University of Cambridge > Talks.cam > Computer Laboratory Automated Reasoning Group Lunches > Some "Real World" Problems in the Analog and Mixed Signal Domains

Some "Real World" Problems in the Analog and Mixed Signal Domains

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Speaker: Kevin Jones

In this talk, we will discuss the design approaches commonly used for mixed mode systems. We will present a synopsis of the way such systems are currently verified in industry and talk about some of the drawbacks of these approaches. We will give a collection of interesting “real world” examples – examples drawn from actual failures of real designs but reduced to their essential elements to make them of a suitable size for academic study – and show some of the key concerns analog/mixed mode designers have in practice. We will present digital, analog and mixed mode examples. Finally, to seed what we hope will be an on-going discussion, we will illustrate some of the novel approaches we are developing to these issues, particularly in the analog domain.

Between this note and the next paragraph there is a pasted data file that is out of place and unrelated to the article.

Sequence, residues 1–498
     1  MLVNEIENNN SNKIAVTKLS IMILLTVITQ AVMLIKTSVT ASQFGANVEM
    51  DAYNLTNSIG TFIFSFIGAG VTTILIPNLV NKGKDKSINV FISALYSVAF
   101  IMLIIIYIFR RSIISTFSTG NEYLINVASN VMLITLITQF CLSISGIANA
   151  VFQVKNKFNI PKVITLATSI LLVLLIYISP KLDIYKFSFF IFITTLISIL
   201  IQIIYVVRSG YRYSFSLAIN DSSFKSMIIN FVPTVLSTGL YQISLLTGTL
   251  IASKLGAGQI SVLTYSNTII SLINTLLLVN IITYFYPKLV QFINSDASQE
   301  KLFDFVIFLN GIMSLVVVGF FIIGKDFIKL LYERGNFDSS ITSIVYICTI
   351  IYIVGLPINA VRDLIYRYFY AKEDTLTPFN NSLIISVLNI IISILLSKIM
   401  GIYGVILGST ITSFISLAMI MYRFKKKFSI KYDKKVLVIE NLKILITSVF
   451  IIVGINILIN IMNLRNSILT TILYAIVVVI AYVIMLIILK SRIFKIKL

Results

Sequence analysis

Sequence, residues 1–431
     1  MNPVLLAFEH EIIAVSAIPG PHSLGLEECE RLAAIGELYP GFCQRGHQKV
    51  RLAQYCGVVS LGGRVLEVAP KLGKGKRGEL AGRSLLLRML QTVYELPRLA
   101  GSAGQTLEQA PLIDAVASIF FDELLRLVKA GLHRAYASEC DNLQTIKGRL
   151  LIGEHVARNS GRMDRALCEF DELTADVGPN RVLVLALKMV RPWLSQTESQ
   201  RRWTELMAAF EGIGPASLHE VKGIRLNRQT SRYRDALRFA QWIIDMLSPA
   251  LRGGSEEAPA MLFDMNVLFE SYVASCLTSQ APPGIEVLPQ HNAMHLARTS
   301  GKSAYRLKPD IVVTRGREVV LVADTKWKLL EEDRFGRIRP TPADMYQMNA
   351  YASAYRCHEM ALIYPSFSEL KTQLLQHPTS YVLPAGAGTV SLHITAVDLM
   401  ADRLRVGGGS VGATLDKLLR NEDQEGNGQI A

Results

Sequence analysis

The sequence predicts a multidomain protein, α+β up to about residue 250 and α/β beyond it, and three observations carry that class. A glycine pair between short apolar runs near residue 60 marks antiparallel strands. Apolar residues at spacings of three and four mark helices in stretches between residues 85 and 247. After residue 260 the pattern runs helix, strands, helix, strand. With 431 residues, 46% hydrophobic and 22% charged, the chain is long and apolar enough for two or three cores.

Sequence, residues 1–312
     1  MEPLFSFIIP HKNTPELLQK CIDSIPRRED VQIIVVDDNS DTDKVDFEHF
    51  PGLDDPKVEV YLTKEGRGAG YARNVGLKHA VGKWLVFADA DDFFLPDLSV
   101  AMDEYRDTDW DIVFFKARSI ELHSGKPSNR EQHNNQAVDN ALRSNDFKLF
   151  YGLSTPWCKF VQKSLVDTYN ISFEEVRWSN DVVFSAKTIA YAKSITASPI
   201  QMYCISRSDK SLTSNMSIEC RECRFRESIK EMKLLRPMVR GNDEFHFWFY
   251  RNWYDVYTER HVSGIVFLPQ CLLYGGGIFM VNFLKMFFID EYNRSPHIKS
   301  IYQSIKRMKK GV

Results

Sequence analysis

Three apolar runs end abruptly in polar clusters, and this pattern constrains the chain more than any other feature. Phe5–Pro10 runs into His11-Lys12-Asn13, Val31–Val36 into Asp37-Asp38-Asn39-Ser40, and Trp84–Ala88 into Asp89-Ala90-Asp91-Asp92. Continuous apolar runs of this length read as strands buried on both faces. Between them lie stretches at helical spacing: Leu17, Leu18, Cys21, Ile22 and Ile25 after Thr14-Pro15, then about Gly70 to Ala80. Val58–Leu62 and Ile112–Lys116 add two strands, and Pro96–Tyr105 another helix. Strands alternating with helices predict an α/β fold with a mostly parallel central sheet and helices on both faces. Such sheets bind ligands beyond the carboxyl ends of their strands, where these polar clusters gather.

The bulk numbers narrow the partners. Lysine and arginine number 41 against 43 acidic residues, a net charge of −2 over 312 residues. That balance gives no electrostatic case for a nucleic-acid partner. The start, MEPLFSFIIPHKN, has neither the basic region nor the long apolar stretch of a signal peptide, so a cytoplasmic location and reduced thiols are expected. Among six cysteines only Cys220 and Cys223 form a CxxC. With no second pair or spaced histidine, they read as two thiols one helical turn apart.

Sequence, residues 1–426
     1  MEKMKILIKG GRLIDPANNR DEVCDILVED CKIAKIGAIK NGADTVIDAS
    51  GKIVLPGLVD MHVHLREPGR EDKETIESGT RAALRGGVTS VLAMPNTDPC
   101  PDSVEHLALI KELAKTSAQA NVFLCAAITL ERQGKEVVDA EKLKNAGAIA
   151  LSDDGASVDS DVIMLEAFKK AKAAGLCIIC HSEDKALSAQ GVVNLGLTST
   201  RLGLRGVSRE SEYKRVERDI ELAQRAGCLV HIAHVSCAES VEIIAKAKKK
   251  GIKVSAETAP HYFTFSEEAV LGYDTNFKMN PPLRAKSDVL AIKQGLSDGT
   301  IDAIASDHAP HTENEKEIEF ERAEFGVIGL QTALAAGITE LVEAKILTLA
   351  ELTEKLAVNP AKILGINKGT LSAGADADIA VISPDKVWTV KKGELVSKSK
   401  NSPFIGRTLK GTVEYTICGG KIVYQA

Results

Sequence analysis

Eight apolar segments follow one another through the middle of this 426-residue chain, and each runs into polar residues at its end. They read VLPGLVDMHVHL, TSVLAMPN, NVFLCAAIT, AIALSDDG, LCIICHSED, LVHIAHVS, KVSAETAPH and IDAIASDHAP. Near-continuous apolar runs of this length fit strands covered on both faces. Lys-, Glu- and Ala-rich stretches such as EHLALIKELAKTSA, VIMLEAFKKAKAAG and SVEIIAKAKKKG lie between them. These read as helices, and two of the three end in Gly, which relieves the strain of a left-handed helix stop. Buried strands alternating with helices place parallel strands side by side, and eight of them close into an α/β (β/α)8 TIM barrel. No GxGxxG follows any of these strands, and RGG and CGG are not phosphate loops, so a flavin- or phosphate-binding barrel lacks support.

About Dr. Kevin Jones:

Dr. Kevin D. Jones is an Engineering Director at Rambus Inc, Los Altos, CA. He holds a Ph.D. in Computing Science from the University of Manchester, a M.Sc. in Computation from Oxford University and a B.Sc. in Computer Science from the University of Reading.

Dr. Jones’s areas of interest cover practical and theoretical approaches to design and verification of digital and analog circuits and systems. Prior to joining Rambus, he was a member of Research Staff at DEC ’s System Research Center, working in the area of formal methods. Previously, he had been a member of both academic and industrial research groups in the UK, working in the areas of formal specification and verification. For the last 14 years at Rambus, he has been working on, and leading groups working on, practical verification for high speed digital/analog designs. He is currently leading a technology development team focusing on novel design and verification tools and methods for this class of designs.

This talk is part of the Computer Laboratory Automated Reasoning Group Lunches series.

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